Xaviera Simmons’ contribution, The structure the labor the foundation the escape the pause, is composed of sculptural forms – each baring landscapes of text culled from historical documents foundational to racial disenfranchisement in the United States. The works are a monument to promises denied, offering insight into governmental policies that continue to shape the racial caste system we live within presently.
Xaviera Simmons, The structure the labor the foundation the escape the pause, 2020. Courtesy of the artist and David Castillo Gallery. Image by Sara Morgan.
CALL AND RESPONSEON VIEW OCTOBER 10, 2020 – MARCH 2021
ABOUT PART II
Part II of the MONUMENTS NOW exhibition, Call and Response, presents ten monuments projects realized by the Park’s 2020 Artist Fellows:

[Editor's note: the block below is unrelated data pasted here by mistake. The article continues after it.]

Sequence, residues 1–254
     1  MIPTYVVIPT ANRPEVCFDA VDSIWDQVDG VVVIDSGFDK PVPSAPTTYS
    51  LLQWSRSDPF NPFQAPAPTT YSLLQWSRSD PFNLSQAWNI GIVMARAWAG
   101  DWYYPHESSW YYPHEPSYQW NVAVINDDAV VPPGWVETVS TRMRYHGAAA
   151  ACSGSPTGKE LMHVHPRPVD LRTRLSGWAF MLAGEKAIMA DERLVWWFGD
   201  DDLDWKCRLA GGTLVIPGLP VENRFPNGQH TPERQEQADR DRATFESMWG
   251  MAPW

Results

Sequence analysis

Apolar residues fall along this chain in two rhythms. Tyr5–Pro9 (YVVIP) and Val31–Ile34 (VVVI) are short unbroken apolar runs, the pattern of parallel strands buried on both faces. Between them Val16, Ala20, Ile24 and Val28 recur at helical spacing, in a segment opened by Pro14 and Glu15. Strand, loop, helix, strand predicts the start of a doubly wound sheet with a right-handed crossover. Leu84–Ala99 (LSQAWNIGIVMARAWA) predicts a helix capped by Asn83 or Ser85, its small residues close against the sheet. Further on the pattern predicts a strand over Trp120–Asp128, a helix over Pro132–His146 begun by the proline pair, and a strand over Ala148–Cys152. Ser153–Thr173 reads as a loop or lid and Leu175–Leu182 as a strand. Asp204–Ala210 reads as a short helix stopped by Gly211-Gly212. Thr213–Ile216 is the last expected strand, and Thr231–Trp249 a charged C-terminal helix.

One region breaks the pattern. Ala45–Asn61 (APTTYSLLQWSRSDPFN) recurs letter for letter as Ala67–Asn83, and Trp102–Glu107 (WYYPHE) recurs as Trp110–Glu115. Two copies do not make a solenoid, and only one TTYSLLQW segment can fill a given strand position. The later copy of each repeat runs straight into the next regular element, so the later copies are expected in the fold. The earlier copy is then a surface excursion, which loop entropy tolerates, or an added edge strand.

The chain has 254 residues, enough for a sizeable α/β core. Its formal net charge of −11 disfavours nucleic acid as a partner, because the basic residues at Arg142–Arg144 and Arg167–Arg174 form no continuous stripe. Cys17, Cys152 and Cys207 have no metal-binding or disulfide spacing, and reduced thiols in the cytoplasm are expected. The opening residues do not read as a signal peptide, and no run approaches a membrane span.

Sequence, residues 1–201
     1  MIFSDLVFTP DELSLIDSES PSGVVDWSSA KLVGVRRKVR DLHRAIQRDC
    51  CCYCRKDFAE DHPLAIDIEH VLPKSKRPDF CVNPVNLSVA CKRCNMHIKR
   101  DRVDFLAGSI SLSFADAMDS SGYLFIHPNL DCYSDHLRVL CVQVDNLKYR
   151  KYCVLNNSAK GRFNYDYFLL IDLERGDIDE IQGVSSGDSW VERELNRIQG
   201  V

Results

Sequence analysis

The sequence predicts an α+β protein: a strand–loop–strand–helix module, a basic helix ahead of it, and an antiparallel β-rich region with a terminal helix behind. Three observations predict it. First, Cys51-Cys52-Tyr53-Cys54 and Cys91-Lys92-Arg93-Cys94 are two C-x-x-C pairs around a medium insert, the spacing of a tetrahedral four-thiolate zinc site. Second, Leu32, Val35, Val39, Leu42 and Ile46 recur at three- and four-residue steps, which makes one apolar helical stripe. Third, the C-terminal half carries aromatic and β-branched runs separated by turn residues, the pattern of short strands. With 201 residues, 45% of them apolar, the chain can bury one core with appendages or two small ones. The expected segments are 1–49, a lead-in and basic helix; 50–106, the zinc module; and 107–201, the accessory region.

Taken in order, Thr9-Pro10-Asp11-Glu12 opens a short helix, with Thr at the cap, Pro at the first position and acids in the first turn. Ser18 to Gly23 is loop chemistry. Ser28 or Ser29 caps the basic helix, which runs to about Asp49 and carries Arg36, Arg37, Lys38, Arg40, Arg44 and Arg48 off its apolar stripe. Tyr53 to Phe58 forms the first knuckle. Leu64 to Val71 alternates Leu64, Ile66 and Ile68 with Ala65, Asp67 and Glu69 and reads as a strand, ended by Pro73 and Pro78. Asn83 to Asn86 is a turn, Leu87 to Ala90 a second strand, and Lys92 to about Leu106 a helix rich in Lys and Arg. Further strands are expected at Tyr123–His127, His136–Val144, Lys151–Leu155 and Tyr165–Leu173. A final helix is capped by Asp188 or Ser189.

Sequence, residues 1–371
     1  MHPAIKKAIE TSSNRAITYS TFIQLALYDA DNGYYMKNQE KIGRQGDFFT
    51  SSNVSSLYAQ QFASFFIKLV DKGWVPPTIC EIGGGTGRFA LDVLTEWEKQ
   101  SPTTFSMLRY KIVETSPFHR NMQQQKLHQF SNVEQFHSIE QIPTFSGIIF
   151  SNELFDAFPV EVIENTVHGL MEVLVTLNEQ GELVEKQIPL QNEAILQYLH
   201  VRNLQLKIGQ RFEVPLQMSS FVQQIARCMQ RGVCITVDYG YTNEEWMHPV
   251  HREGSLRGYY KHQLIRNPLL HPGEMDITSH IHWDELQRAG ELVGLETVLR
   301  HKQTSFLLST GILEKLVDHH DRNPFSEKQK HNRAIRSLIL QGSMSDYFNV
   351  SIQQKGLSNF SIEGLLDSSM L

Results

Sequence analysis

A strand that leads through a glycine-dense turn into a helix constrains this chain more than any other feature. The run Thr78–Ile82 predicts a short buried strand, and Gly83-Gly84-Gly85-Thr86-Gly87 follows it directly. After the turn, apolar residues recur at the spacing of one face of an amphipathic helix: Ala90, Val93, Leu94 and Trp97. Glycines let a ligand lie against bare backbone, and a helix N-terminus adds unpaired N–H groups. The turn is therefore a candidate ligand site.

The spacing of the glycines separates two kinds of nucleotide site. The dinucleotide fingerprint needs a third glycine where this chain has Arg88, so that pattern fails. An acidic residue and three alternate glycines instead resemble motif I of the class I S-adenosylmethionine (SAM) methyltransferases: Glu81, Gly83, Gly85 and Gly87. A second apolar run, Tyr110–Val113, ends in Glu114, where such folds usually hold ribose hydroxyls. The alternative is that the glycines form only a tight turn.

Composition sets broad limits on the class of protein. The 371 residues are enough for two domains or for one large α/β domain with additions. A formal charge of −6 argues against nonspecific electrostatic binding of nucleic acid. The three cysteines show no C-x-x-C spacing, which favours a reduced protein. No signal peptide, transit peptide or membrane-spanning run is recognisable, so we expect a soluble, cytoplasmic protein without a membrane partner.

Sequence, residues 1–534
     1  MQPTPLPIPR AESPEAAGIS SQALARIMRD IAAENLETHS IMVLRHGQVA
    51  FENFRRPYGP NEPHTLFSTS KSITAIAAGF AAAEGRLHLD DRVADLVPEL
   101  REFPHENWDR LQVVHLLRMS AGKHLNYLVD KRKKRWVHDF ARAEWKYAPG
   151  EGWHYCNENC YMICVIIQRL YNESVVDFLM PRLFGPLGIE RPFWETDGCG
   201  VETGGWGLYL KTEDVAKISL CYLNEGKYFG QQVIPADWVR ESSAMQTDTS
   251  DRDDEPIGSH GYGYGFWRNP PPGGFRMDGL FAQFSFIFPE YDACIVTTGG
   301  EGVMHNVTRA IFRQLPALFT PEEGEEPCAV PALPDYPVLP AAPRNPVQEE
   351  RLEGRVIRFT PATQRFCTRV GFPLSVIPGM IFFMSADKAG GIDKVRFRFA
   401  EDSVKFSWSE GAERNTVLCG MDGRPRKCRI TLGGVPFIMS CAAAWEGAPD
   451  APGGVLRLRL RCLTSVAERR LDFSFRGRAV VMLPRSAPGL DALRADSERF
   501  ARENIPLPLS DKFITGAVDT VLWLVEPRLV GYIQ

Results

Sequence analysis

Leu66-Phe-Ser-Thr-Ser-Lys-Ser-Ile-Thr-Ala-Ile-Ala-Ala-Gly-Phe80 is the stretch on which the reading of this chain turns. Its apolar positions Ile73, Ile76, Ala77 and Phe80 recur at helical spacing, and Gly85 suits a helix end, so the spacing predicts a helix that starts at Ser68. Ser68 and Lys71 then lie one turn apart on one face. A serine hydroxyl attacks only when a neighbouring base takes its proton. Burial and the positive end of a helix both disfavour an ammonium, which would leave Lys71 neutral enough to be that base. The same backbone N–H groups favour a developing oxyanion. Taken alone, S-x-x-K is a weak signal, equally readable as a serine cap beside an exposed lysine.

*2020 New York Community Trust Van Lier Fellows
**2020 Devra Freelander Fellow
Jenny Polak, Offshore, 2020, Courtesy of the Artist, Photo by KMDeco Creative Solutions: Mark DiConzo.
The Artist Fellows’ projects take various archetypal monumental forms – such as the arch or the column – and dedicate them to underrepresented peoples and histories. What unites their various approaches is a focus on collective agency and power, departing from the hero narrative of traditional monuments. Learn More
Bel Falleiros, Detail of America (un)known, 2020. Courtesy of the artist, Image by Nicholas Knight Studio.
THE NEXT GENERATIONON VIEW OCTOBER 10, 2020 – MARCH 2021
ABOUT PART III